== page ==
Mac DeMarco - Salad Days
- Colin Robertson
- 23 April 2014
New-found smoothness to 80s and 90s college rock sound from young Canadian songwriter
Mac DeMarco is only 23 years old, but already he is world-weary. His second full-length album, Salad Days, sees the Canadian songwriter eschewing the weirdness of previous releases, like 2012’s 2, for something approaching wisdom, complete with meditations on love, life, growing apart and growing old.
From the opening, title track – where he sings ‘As I’m getting older, chip upon my shoulder’ – it’s clear that DeMarco is looking at the bigger picture, and he doesn’t always like what he’s seeing. It’s not just the lyrical themes that touch all the bases, but musically, too, he covers a lot of ground. One minute he’s kicking out a bona fide soft-rock tune like ‘Let Her Go’, the record’s most straightforward and catchy track; the next he’s crooning over icy synths on ‘Chamber of Reflection’, the album’s most meditative tune. But throughout the record, there’s a cohesiveness to all the songs that makes the disc a rewarding listen.
Jangly guitars and echoes of 80s and 90s college rock are still there, but there’s a smoothness to his sound that wasn’t present before, and it speaks volumes about the record’s maturity when the closest reference points are Jonathan Richman, Big Star and Harry Nilsson. He channels his inner wise-old-man on ‘Treat Her Better’, one of the album’s best tracks, offering sage advice, ‘Treat her better, boy, if having her by your side’s something you enjoy.’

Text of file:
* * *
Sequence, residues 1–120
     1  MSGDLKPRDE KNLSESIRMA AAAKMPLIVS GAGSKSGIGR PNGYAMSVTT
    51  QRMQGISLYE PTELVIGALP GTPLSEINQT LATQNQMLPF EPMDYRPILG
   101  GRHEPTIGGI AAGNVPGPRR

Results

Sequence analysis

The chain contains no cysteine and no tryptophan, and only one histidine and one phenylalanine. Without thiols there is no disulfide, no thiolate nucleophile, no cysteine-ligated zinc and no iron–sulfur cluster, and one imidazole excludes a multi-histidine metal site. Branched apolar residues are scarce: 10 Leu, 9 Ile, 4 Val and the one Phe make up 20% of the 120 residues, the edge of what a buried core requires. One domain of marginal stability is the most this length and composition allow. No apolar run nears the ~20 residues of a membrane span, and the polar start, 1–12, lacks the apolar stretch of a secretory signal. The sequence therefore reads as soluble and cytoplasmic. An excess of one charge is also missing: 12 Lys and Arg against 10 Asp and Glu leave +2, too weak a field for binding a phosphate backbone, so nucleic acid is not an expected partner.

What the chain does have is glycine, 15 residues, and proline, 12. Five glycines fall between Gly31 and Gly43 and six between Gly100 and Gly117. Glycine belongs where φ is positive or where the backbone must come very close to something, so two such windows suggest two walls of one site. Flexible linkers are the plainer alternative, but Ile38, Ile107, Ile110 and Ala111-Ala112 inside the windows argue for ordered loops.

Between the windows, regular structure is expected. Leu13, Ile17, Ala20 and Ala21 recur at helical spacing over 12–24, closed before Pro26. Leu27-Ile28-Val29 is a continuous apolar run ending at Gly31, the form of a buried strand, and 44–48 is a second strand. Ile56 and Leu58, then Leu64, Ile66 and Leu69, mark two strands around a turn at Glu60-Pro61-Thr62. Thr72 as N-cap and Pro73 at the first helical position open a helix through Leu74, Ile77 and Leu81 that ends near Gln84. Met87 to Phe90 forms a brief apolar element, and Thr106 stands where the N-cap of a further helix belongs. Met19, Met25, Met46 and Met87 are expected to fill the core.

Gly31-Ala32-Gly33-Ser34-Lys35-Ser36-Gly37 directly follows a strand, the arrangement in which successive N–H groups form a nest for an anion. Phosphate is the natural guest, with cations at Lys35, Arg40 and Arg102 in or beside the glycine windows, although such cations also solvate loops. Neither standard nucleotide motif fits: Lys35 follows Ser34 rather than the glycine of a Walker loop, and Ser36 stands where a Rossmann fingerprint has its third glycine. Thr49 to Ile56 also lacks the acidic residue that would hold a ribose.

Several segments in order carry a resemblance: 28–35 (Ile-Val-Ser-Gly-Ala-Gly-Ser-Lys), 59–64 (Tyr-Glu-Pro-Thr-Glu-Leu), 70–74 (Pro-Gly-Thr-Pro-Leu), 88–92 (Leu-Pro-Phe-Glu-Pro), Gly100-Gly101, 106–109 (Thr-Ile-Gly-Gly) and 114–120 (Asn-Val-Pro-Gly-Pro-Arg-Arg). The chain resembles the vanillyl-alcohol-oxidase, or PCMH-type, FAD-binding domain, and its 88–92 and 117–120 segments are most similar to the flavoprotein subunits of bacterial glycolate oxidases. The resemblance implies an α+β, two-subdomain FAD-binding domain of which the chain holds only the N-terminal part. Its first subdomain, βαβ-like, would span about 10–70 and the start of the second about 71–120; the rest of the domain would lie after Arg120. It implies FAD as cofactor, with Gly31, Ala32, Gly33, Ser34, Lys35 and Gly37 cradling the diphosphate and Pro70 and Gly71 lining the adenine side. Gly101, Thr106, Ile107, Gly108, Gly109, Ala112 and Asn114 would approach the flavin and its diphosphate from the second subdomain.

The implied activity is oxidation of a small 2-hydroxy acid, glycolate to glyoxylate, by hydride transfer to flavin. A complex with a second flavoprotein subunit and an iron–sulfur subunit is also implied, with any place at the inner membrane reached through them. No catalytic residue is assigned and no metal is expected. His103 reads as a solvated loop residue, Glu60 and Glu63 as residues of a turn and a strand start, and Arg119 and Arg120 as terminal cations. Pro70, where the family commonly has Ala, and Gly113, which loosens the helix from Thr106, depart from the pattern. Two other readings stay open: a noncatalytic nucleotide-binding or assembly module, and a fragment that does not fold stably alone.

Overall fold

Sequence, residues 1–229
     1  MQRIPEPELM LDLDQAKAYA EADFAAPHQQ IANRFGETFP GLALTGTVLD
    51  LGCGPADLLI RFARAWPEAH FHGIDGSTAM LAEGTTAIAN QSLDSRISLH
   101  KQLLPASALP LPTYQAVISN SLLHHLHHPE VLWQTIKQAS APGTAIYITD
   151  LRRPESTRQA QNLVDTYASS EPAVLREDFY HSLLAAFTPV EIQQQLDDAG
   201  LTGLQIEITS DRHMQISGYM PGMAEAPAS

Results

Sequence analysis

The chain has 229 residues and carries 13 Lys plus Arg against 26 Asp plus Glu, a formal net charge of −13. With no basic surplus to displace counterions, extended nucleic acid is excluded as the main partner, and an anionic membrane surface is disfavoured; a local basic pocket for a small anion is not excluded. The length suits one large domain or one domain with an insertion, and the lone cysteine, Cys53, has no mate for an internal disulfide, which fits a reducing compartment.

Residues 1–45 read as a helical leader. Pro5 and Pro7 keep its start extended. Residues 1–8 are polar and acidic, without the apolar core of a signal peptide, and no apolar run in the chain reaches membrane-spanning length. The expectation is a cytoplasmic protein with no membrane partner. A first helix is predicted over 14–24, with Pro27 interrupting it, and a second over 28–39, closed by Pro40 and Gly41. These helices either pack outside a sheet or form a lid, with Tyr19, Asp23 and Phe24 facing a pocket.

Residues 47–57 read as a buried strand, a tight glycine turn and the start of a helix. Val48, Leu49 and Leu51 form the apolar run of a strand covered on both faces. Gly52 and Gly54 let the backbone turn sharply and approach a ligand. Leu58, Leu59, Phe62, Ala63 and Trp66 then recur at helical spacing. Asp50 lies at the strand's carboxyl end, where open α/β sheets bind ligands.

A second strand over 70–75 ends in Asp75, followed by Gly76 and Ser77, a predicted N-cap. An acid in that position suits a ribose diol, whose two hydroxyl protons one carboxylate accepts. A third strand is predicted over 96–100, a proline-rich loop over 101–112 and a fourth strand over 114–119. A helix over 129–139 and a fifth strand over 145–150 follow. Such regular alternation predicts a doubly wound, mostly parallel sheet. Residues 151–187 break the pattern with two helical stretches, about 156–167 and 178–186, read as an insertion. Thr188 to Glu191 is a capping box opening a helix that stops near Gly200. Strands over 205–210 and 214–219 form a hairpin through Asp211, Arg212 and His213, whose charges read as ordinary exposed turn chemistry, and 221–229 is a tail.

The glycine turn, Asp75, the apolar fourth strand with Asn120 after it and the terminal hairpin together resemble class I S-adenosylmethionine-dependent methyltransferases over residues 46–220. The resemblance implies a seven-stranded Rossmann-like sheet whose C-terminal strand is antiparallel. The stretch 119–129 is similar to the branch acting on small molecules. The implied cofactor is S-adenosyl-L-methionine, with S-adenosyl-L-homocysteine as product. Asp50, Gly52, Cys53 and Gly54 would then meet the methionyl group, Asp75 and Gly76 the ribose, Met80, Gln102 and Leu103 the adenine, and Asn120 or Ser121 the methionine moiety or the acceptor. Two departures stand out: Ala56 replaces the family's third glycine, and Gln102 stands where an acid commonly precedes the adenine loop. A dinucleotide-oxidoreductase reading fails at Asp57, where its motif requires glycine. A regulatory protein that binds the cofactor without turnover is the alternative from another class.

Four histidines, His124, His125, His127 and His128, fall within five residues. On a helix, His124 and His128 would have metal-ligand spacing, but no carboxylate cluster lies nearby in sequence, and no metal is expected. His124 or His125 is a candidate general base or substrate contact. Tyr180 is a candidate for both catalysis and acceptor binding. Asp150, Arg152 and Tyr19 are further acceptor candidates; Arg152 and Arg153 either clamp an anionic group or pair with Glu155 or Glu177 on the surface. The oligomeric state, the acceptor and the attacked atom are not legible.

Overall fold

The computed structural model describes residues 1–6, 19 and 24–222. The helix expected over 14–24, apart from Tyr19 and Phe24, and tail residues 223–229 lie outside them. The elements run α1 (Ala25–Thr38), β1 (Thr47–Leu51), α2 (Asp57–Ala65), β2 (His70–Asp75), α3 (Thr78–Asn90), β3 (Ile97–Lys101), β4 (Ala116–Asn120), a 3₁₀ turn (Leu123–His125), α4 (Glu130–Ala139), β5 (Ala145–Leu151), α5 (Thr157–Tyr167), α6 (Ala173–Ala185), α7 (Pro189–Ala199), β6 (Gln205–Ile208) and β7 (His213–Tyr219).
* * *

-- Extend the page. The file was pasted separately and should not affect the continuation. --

No longer is he singing an ode to Viceroy, his cigarette brand of choice, as he did on his debut album. This time he’s musing on life itself, and having a few existential moments in the process, singing: ‘Watching my life pass in front on my eyes. Hell of a story, or is it boring?’ on ‘Passing Out Pieces’. Maybe he’s bored with all of the rowdiness of his live shows – after all, in a recent interview he admitted that he and his band are tired of touring after being on the road for a year and a half non-stop. In any case, world-weary or not, Salad Days is not only a great record, but also a fun ride to be on.